In the words of Jesus, I shared with them His promise, “Come unto me, all ye that labor and are heavy laden, and I will give you rest” (Matthew 11:28, KJV). “Peace I leave with you; My peace I give unto you; not as the world giveth, give I unto you. Let not your heart be troubled, neither let it be afraid” (John 14:27, KJV).

Man’s words are never adequate in a time like this. Only the holy, inspired Word of God, revealed through the indwelling Holy Spirit, can help us to comprehend and experience the reality of His promises.

What a joy to be able to tell people – burdened people, grieving people – that we serve God, who not only saves to the uttermost, but who also is the God of all comfort. As His Holy Spirit empowers us, let us share the good news of an all-loving, ever-wise Savior.

Bible Reading:Psalm 27:1-4

TODAY’S ACTION POINT: Today I will ask God to help me to be sensitive to the hurts and heartaches of others, so that I can comfort them with the Word of God through the enabling of the Holy Spirit. And when I face grievous troubles, I too will look to the rock, Christ Jesus, and claim His wonderful promises for comfort and strength.

 

 

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Max Lucado – A Listening Heart

 

Listen to Today’s Devotion

“Let he who has ears to hear, use them.”  Eight times in the Gospels and eight times in the Book of Revelation we are reminded that it’s not enough just to have ears—it’s necessary to use them.  Jesus spent regular time with God, praying and listening. Luke 5:16 tells us, “Jesus often withdrew to lonely places and prayed.”  If Jesus, the Son of God and the sinless Savior of humankind, thought it worthwhile to clear his calendar to pray, wouldn’t we be wise to do the same?

Jesus also spent regular time in God’s Word.  Three times in the wilderness temptation, he used the Word of God to repel the attack of Satan.  If we are to be just like Jesus, then we need to imitate his habits of prayer and Bible reading.

Read more Just Like Jesus

For more inspirational messages please visit Max Lucado.

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Denison Forum – Victims of innocent suffering: Biblical help and hope

Stories about innocent suffering make the news daily.

Five watercolor paintings attributed to Adolf Hitler failed to sell at auction last weekend, reminding us that the Nazi dictator was a failed artist before inciting the deaths of six million Jews and twelve million other victims in World War II.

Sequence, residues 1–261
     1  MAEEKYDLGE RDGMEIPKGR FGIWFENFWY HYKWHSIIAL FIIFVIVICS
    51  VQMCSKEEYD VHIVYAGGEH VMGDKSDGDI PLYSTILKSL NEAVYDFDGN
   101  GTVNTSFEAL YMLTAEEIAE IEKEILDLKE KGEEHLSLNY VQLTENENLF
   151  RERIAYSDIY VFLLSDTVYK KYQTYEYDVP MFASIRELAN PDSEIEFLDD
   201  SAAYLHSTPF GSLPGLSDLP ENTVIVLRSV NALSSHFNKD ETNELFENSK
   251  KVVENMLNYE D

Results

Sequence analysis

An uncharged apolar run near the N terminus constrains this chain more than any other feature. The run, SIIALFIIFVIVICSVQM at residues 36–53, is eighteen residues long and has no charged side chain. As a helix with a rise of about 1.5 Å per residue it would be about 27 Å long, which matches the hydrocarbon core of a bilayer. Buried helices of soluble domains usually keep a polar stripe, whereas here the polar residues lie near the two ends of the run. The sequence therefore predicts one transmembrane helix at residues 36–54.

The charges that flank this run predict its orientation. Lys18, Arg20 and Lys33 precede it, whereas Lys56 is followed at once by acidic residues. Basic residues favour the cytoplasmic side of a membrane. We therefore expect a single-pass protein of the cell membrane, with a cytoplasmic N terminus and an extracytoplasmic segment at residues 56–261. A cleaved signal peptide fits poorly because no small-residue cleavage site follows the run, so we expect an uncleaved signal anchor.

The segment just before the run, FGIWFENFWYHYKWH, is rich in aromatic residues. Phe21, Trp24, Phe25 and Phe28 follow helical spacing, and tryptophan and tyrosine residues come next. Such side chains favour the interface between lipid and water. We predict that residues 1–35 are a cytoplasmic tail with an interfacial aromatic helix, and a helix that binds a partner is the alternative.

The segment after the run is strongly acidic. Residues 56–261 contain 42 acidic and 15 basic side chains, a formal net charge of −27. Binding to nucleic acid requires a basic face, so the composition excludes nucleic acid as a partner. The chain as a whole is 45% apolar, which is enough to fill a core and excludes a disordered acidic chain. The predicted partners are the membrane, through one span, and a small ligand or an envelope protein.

Nearly one hundred children have died in Africa from the second-deadliest outbreak of Ebola in history. More than eight hundred people have reported symptoms.

And the appalling report about clergy sexual abuse in the Southern Baptist Convention continues to make news today.

Tragically, no organization is immune to such abuse. The Roman Catholic Church continues to respond to reports of clergy abuse over the last several years. Sexual abuse scandals have rocked the Presbyterian Church USA, the Boy Scouts, gymnastics, swimming, hockey, college football, and political leaders as well.

A study found that nearly five hundred schoolteachers were arrested in 2015 on sexual abuse charges. Shockingly, about 10 percent of children in eighth through eleventh grades were found to have been subjected to some form of sexual abuse by an adult at school (most often a teacher or coach).

Where is God when such tragedies occur?

“Why have you forgotten me?”

Job 9 poignantly describes the pain innocent victims feel when God seems to fail them.

Job pictures the omnipotence of the One “who alone stretched out the heavens and trampled the waves of the sea . . . who does great things beyond searching out, and marvelous things beyond number” (vv. 8, 10).

But this omnipotent God seems impervious to Job’s cries for help: “If I summoned him and he answered me, I would not believe that he was listening to my voice. For he crushes me with a tempest and multiplies my wounds without cause” (vv. 16-17). In fact, according to Job, “When disaster brings sudden death, he mocks at the calamity of the innocent” (v. 23).

Continue reading Denison Forum – Victims of innocent suffering: Biblical help and hope